Four hundred years after Shakespeare's death, his characters live on. It's the rare person who doesn't know about Romeo and Juliet, Hamlet, or Othello. And most of us has an inkling about who Lady Macbeth is and can likely quote more Shakespearean lines than we realize we've memorized.
The Bard's dramas revolve around confrontation: parent and child, sovereign against sovereign, man versus magic, or man versus himself. (And I refer here to women, too.) To mark the 400th anniversary of Shakespeare's death on April 23, we are bringing back our Book Duel, pitting character against character in battles of wits and wills—and you, the reader, decide who will win.
UPDATE: The winner for the Shakespeare Character duel has been announced. Go HERE to find out who won the final duel!
Anthony Del Col and Conor McCreery—the creators of the graphic novel series Kill Shakespeare—have enormous experience with sending Shakespeare's characters in battle against each other. For this epic book duel, they brainstormed four brackets: the Bracket of Death, the Bracket of Magic, the Bracket of Villains, and the Bracket of Clever Words. They've also helpfully reminded us of the strengths and weaknesses of each character in case you (like me) kinda forgot who Aaron was from Titus Andronicus. And of course the killer art is from their graphic novels as well.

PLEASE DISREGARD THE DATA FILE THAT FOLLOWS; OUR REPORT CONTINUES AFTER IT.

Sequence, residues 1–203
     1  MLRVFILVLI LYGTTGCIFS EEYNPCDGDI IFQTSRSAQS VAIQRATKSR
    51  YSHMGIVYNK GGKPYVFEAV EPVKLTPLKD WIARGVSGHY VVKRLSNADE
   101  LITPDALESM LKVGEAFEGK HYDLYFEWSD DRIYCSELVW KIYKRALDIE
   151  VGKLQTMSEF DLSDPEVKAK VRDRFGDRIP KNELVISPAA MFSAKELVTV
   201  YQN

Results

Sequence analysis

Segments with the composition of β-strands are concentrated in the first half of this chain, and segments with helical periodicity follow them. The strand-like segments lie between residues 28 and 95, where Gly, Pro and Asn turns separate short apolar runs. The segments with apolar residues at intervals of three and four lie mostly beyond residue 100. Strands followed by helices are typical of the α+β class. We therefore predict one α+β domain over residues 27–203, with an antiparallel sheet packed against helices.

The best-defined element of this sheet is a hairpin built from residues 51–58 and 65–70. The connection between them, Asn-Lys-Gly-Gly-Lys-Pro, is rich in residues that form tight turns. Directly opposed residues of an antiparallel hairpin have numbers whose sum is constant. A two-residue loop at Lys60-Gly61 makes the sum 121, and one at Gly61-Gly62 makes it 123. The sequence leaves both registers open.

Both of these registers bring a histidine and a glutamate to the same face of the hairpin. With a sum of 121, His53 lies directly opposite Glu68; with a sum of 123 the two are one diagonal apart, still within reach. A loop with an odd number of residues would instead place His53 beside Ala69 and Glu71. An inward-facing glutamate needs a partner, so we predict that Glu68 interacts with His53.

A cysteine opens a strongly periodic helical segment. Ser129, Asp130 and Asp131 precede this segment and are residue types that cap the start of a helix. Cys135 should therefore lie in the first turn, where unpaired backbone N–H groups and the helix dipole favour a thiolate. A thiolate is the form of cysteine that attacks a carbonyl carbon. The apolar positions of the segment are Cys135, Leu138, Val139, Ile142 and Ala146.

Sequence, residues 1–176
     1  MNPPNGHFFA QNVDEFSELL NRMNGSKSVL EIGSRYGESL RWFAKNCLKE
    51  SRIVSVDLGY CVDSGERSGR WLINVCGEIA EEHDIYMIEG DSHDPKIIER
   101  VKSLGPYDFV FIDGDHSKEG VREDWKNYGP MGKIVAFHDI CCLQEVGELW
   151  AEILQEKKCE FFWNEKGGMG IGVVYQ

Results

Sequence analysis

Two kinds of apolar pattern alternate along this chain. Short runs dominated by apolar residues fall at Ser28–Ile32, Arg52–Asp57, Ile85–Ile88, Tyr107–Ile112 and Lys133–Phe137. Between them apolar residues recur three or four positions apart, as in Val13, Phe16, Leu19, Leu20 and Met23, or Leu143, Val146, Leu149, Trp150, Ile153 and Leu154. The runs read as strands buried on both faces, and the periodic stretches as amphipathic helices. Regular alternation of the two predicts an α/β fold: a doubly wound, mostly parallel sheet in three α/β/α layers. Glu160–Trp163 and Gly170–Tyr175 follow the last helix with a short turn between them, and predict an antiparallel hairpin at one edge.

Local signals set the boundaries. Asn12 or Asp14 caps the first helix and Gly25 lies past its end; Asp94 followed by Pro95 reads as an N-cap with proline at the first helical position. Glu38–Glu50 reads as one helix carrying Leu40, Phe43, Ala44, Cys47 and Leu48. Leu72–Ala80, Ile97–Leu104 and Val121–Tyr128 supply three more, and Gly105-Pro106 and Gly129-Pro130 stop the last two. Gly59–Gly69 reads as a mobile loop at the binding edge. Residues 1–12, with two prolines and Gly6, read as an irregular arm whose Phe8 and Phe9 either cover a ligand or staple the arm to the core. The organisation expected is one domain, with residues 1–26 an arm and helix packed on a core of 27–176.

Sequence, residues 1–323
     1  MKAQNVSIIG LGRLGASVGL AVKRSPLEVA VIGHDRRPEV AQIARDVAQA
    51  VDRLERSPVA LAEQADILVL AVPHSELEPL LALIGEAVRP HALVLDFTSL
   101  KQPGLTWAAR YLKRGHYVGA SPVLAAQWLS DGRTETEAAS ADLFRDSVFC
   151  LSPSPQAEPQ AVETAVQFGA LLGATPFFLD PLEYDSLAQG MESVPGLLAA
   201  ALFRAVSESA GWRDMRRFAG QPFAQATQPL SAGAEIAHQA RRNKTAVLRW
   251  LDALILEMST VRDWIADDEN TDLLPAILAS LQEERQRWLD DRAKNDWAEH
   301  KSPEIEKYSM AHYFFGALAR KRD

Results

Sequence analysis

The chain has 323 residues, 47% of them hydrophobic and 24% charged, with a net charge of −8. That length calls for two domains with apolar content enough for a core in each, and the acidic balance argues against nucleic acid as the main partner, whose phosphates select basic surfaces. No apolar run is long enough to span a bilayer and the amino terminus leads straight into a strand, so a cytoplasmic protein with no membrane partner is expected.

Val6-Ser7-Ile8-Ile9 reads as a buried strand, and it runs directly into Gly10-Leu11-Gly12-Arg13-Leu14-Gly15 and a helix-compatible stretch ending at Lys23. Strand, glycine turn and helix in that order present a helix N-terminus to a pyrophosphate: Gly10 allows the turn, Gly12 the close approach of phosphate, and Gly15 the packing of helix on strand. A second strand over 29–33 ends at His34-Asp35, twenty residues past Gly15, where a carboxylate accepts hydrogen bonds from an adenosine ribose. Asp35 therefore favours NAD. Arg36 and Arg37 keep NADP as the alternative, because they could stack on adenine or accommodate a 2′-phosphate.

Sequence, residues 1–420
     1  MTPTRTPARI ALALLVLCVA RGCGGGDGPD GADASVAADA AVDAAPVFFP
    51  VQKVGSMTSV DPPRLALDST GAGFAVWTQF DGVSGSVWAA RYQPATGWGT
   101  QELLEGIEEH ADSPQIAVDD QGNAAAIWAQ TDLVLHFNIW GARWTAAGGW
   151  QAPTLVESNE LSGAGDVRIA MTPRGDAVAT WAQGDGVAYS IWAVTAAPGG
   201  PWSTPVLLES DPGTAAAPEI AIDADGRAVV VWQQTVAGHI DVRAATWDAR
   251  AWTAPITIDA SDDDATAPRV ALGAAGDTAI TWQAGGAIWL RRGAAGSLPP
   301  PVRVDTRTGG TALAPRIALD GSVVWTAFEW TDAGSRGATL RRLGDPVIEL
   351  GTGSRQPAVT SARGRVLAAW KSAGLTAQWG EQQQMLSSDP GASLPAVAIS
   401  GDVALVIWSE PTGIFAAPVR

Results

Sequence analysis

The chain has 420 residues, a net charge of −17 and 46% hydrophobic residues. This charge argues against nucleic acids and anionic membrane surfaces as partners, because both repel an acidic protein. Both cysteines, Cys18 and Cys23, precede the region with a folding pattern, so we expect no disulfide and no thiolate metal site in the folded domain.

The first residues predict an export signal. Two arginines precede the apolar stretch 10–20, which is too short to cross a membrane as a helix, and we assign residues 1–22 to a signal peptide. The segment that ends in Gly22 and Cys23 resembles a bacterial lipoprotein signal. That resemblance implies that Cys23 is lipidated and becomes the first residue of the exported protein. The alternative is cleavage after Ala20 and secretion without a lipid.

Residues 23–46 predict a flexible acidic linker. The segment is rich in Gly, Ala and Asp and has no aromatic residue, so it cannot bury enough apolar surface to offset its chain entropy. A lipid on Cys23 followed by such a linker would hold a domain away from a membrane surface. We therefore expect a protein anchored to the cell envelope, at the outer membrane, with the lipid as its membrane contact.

Del Col and McCreery's brackets:
HAMLET, from Hamlet
- Tormented, Brilliant, Idealist
KING LEAR, from King Lear
- Prideful, Irrational, Reckless
OTHELLO, from Othello
- Leader, Patient, Jealous
JULIET, from Romeo and Juliet
- Passionate, Dedicated, Dreamer
PROSPERO, from The Tempest
- Wrathful, Machiavellian, Powerful
LADY MACBETH, from Macbeth
- Aggressive, Treacherous, Resourceful
PUCK, from A Midsummer's Night Dream
- Inventive, Whimsical, Trickster
THE WEIRD SISTERS, from Macbeth
- Enigmatic, Compelling, Grotesque
IAGO, from Othello
- Manipulative, Jealous, Eloquent
TAMORA, from Titus Andronicus
- Sensual, Ambitious, Cut-throat
RICHARD III, from Richard III
- Covetous, Scheming, Twisted
AARON, from Titus Andronicus
- Diabolical, Cunning, Outsider
KATE, from The Taming of the Shrew
- Clever, Belligerent, Shrewd
FALSTAFF, from multiple plays
- Jovial, Roguish, Lazy
BEATRICE, from Much Ado About Nothing
- Cynical, Stubborn, Vulnerable
BENEDICK, from Much Ado About Nothing
- Cynical, Stubborn, Loyal
You decide who wins the first round of book duels. Vote below! If you can't see the poll, please vote in our comments area.
Don't forget to vote tomorrow in Round 2! Subscribe to the Amazon Book Review for your daily dose of books, including book duels, best books of the month, author interviews, reading recommendations, and more from the Amazon Books editors.